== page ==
>> I can say that flying in an aircraft controlled by Java is
>> probably safer than one controlled by C, until garbage
>> collection kicks in just when you need reverse thrust.
>
>Though I still would not want my life entrusted to Java, it is worth
>pointing out that I read a blurb (can't remember the company name) about a
>JVM that allegedly "guarantees deterministic performance."


I've been lurking on this thread for a while, but I guess I should put in my
$.02 ....

"Vanilla" Java clearly has a number of problems with respect to determinstic
real-time performance: the absence of stack-based objects, the need to
account for gc, the incomplete specification of how priorities affect
scheduling, the absence of provisions for avoiding priority inversion, the
absence of an absolute "sleep", the relatively limited set of facilities for
asynchronous event handling, and several others.  Nevertheless the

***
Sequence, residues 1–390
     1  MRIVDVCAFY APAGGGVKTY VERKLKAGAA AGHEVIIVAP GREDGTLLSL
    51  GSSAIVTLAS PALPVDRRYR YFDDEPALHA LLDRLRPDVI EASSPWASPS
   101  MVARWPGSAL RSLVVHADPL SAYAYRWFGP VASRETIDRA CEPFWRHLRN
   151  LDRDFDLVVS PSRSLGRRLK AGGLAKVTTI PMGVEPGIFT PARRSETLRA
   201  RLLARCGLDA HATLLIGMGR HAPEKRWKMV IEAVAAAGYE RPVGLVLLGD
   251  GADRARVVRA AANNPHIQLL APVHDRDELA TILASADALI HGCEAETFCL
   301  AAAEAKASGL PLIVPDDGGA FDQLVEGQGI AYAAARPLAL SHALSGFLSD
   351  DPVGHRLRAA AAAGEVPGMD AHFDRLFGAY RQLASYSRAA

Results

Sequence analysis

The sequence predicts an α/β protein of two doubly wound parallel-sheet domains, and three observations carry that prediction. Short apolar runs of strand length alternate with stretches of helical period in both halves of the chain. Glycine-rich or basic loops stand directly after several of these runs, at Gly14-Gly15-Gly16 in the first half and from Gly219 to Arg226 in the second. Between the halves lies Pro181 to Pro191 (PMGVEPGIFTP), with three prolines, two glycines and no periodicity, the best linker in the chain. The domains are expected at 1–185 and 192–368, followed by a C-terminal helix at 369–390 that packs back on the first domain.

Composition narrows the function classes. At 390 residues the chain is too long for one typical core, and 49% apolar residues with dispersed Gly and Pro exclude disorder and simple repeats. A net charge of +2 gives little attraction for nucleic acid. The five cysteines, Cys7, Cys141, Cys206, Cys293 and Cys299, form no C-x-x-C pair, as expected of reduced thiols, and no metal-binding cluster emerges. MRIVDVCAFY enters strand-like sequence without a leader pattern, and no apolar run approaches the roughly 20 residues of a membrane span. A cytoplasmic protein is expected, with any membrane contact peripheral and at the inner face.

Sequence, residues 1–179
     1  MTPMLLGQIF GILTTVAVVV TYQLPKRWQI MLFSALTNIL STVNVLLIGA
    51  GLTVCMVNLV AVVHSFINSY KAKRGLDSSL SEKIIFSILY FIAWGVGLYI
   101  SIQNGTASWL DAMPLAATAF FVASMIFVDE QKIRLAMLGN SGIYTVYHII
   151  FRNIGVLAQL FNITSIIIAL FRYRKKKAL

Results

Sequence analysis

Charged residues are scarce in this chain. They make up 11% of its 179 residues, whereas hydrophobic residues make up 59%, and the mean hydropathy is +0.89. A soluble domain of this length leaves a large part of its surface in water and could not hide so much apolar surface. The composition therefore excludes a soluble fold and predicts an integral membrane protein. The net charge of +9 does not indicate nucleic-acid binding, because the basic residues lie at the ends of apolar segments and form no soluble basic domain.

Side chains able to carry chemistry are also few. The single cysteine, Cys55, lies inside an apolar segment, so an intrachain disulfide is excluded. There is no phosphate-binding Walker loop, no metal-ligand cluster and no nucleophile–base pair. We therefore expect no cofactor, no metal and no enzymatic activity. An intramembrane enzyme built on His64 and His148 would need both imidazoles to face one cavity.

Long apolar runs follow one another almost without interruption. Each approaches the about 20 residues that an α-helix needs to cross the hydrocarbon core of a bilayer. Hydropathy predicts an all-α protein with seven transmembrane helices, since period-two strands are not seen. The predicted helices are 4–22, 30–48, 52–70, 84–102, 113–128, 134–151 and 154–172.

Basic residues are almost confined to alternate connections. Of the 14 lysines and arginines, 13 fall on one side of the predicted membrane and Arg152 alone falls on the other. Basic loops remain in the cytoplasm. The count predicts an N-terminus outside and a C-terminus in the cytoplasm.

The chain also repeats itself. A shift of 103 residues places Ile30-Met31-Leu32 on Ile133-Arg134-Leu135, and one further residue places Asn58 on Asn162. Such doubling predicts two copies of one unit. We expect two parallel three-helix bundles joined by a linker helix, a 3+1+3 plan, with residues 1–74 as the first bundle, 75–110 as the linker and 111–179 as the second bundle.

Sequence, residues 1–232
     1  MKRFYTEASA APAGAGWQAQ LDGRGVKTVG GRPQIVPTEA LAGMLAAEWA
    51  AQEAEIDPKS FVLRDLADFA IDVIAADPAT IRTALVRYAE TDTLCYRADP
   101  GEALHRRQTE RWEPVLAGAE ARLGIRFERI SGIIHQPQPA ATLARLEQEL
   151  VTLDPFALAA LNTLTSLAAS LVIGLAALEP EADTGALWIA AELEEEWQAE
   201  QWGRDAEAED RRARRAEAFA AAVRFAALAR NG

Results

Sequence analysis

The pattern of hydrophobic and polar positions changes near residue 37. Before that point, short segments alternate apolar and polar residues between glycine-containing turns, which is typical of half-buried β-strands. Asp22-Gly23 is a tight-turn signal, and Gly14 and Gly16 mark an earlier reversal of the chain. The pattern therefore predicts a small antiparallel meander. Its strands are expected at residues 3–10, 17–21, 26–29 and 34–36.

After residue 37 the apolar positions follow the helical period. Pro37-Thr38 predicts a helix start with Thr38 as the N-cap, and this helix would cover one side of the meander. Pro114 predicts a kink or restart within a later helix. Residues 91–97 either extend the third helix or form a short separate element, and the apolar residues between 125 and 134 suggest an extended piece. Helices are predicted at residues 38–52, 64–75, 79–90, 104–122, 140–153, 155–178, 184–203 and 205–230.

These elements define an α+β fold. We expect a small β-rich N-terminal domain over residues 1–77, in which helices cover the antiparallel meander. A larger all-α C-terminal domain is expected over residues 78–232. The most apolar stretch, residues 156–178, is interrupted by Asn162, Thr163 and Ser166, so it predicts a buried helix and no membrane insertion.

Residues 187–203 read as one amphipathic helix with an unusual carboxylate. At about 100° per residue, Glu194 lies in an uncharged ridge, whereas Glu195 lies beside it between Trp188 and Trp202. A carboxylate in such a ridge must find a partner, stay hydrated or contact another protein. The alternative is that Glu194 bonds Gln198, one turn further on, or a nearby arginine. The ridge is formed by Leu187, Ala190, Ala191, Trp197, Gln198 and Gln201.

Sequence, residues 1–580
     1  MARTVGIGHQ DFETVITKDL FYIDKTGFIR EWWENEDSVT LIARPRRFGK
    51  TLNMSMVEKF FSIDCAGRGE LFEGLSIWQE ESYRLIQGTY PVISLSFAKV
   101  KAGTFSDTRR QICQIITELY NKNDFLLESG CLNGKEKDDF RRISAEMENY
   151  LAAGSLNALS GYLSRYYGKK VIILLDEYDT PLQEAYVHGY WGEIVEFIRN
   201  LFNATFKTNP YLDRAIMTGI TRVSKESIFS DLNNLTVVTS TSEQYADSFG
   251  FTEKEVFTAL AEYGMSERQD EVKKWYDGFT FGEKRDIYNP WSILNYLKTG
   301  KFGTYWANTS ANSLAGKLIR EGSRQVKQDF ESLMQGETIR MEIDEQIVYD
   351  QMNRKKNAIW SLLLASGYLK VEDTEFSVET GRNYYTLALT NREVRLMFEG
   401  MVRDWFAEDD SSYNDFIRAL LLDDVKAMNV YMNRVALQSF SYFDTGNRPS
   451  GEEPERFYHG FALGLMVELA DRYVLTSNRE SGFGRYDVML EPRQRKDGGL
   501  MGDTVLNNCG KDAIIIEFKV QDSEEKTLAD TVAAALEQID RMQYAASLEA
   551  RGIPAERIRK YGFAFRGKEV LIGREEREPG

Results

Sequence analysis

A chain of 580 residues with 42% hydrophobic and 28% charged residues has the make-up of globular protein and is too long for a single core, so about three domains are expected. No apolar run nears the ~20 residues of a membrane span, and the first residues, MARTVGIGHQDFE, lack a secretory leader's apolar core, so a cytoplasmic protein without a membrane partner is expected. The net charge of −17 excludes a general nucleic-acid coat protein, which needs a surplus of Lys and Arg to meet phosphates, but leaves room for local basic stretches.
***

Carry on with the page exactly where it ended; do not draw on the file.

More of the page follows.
language's very high degree of portability and safety (more than Ada's in
fact) have sparked interest from the real-time community.  There was a
requirements-gathering effort last year led by NIST, involving major
stakeholders from both the real-time and Java communities.  Since early in
1999 two efforts have been underway at addressing Java's shortcomings in the
real-time arena: one under the auspices of Sun's Java Community Process, and
the other one (produced by the "J-Consortium") independent of Sun.  There
are no good technical reasons why there should be two such efforts, but
various companies' business interests have led them into one camp or the
other, or into both.   Both groups released their specs at the Embedded
Systems Conference in San Jose last month.  If you want more information,
check their web sites: http://www.rtj.org (the Real-Time for Java Experts
Group under Sun's JCP) or http://www.j-consortium.org (for the
J-Consortium's spec).

Ben Brosgol
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